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Hello and thank you for using Just Answer,Your basis in the art would be it's fair market value on the date of death when you inherited. The amount for the contribution would be it's appraised value when you make the gift. If the value is less than $5000 not written appraisal need be send with the return. If it is valued at more than $5000 you need to send a copy of the written appraisal.
Of course if the value is more then $50,000 you would need to request a statement of value from the IRS
The exact steps you would need to take are really dependent on the value of the donation.
This is not right!! I said that I was GIFTED these works of art, they were NOT inherited.
If gifted to you then your basis is whatever the giver's basis was, so sorry to imply a death in the basis for you.
Let's just clarify please.
I take itemized deductions (don't worry about exceeding 50% of AGI, etc.,
that is not involved. let's say the value of the art was $20,000 when given to
me, and now it is $25,000.
What is my deductible amount on Schedule C??>
$25,000 and you would be required to send a complete copy of the appraisal with your return
The Schedule is A (just to be clear)
Right, Schedule A - So the deductible amount is the FMV at the time I
make the gift to the qualified charitable organization?
Yes, but without the written appraisal (because of the value amount) it would be disallowed. The written appraisal would be required.
Don't worry about written appraisals - I have them for both the time of
the gift in 2003 and now in 2012. In your earlier answer you said
the deductible amount was "the giver's" basis - By "giver"
do you mean me or the person who gave me the gift?
Sorry 2013 is the current appraisal
That is not the deductible amount that is merely your basis. When someone gives something to you you retain whatever basis (purchase amount) they had in the gift.
When I said giver in that statement I was referring to the person that gave you the art.
Your deduction is it's appraised value on the date of the donation.
OK, got that. But putting aside any limitations on charitable deductions
otherwise, if it appraised at $25,000 today, is that my Schedule Adeduction??
I know you stated that you wanted to put aside any limitations but there is one more important issue when a donation such as this is made. If you are donating the art for the charities use (such as to a museum to exhibit) then your deduction at appraisal price is fine. If you are donating this art and they intend to sale it then you may not use the appraisal amount as your deduction.
You would need to reduce the fair market value by any amount that would have been long-term capital gain if you had sold the property for its fair market value. This generally means reducing the fair market value to the property's cost or other basis.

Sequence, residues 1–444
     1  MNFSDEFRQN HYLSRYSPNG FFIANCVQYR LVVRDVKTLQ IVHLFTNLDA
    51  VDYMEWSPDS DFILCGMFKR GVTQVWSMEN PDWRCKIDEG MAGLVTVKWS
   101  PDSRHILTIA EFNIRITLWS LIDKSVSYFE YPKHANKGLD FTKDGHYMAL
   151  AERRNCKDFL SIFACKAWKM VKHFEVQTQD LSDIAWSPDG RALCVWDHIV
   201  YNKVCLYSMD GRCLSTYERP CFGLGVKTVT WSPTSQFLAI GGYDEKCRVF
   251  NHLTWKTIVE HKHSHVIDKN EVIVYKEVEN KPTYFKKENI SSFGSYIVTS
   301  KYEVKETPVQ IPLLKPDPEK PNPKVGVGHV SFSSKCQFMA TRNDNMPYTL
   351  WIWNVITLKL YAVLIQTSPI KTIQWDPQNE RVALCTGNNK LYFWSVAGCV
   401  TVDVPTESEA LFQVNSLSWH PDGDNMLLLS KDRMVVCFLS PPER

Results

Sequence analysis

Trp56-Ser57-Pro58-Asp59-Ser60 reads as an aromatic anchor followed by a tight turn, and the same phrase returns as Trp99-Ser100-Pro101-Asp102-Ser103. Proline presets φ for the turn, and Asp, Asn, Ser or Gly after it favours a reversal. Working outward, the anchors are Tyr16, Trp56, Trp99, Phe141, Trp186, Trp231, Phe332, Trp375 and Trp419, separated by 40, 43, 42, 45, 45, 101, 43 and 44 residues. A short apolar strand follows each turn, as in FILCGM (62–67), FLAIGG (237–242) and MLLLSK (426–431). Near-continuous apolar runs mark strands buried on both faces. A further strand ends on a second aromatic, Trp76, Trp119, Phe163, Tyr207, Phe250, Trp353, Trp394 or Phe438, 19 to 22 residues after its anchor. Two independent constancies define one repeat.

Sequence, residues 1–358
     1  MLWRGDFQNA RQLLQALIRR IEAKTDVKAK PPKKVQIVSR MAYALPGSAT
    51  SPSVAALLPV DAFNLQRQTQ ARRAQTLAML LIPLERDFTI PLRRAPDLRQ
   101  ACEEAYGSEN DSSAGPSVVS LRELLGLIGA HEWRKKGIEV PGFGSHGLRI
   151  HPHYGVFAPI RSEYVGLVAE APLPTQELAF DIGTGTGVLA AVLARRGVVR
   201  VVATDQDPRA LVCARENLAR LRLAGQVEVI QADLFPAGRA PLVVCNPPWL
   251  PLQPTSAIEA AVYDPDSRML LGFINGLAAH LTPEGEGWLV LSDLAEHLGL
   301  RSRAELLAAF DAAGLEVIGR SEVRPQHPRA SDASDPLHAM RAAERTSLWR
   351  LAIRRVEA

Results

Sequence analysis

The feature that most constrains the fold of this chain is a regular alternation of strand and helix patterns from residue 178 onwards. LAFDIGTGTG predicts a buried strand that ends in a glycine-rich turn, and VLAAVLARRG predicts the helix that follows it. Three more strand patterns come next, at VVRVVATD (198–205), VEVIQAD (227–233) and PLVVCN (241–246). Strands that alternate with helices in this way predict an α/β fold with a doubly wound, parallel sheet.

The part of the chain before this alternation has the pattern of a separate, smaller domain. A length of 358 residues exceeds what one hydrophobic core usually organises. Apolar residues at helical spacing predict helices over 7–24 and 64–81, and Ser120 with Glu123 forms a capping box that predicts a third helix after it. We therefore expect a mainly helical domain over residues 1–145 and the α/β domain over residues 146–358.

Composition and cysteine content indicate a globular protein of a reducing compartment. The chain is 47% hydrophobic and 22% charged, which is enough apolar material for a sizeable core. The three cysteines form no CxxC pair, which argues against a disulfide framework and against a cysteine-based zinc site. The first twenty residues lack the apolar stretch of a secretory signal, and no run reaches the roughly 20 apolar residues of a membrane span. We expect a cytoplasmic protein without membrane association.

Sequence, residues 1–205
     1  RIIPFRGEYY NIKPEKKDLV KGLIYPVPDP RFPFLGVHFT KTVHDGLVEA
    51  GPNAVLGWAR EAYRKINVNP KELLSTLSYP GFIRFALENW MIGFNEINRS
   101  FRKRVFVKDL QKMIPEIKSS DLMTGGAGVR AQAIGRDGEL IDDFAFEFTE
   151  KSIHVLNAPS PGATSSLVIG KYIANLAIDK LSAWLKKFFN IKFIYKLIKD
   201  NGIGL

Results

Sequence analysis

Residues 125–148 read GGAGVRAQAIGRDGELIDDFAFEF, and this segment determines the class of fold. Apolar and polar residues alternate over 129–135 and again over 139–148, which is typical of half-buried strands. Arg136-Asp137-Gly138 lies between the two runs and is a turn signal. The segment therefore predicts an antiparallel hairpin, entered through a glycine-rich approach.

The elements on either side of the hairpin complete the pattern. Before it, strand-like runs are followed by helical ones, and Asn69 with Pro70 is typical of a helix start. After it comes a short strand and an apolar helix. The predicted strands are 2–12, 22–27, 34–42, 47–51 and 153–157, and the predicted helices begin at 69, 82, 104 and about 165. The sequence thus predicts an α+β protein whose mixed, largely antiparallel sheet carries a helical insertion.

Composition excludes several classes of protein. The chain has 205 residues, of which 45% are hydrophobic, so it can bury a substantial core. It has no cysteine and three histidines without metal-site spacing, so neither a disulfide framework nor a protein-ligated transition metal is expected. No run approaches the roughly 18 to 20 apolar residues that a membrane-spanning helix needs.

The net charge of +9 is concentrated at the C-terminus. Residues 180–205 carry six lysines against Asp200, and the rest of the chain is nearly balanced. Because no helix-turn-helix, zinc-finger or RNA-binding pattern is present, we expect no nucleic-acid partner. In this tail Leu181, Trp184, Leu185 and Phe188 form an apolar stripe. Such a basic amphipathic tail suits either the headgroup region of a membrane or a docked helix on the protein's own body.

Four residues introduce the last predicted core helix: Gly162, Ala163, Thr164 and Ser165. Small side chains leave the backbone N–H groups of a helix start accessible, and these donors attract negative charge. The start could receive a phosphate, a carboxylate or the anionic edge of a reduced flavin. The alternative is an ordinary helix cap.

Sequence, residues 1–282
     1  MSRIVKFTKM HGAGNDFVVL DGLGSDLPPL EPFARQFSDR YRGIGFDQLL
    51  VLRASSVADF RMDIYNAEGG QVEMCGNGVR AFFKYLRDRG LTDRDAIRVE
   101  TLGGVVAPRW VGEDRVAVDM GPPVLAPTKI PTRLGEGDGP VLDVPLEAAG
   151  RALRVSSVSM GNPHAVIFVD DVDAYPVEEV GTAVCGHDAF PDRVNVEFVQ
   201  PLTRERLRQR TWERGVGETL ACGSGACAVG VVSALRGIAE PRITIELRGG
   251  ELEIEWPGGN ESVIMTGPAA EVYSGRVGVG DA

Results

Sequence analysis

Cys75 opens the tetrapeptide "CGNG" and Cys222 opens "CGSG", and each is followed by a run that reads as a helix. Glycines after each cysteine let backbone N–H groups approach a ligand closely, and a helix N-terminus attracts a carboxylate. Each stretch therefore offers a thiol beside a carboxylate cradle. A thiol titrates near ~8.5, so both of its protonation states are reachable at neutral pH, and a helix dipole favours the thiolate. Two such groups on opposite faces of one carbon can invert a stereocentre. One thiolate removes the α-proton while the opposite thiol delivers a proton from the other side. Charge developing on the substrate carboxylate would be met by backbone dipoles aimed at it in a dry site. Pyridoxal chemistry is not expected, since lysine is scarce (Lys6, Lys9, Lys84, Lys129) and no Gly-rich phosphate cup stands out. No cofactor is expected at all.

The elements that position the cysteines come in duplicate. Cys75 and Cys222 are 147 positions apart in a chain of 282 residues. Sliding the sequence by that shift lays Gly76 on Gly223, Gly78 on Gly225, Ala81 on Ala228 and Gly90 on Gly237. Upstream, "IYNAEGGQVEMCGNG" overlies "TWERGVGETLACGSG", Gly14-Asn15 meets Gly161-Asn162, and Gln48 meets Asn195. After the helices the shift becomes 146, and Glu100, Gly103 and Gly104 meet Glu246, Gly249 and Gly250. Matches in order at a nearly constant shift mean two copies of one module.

OK, thanks. Just to make sure I get this right, one more thing.
Let's say the basis of the art in 2003 when it was gifted to me
was $20,000 (fmv). Now I give it to an institution which is going
to sell it (i.e., a school). FMV at time of gift is $25,000.
SO, my deduction is $20,000, obtained by deducting the $5,000
increase in value from the fmv on the date of donation. Right?? Thanks
Almost, you cannot use FMV when you were given you have to use the purchase price (or basis) of the person that gave the art to you.If they bought it for $20,000 then held and gave to you your basis would be $20000 but if they purchased for less your basis is less and that would mean your deduction is less.
The person who gave it to me inherited the art, but she gave it to me as
a gift while she was still alive.
felt I had to make sure you knew that limitation
Then her basis is still yours so you would have to do a little research
if you know the date of the inheritance by her.
that is going to be very hard. But let's assume in the same scenario
that she inherited it in 1990 and at that time it was worth $15,000
FMV in 2003 when given to me is $20,000.
FMV today when given to charity is $25,000
Deduction amount for me on Sch A??
OK; think I know how you got that.
The inherited value for her would be your basis ($15000)
So if fmv when she inherited was $20,000 and
fmv today is $25,000 my deduction is $5,000. ??
Your deduction is $20,000 (it is the increase in value that is not allowed)
You get to start with your basis (because of the unrelated use rule)
Sorry, I don't think that is consistent with prior scenario
Your basis is determined by her basis
OK, so simply put since her basis is the value on the
date she inherited the art works ($15,000) then the
deduction is $15,000. Sorry if I am somewhat confused
No problem it is confusing
The main thing is the increase in value is not allowed on teh Schedule A
If her basis was $15,000 you get to claim $15000 on the A no matter what the FMV is (unless it dropped in value but let's not complicate further)
You cannot claim a charitable deduction on the amount that the art work increased in value while you held it.
and also any increase in value while the person who gifted it to me held it
You would have gotten a step up in basis had you inherited
then FMV when you got it would be relevant
Glad you came back so we could discuss that further
Your positive rating is always thanks enough.
I really enjoyed working with you – please feel free to request me again when you come back to ask another question.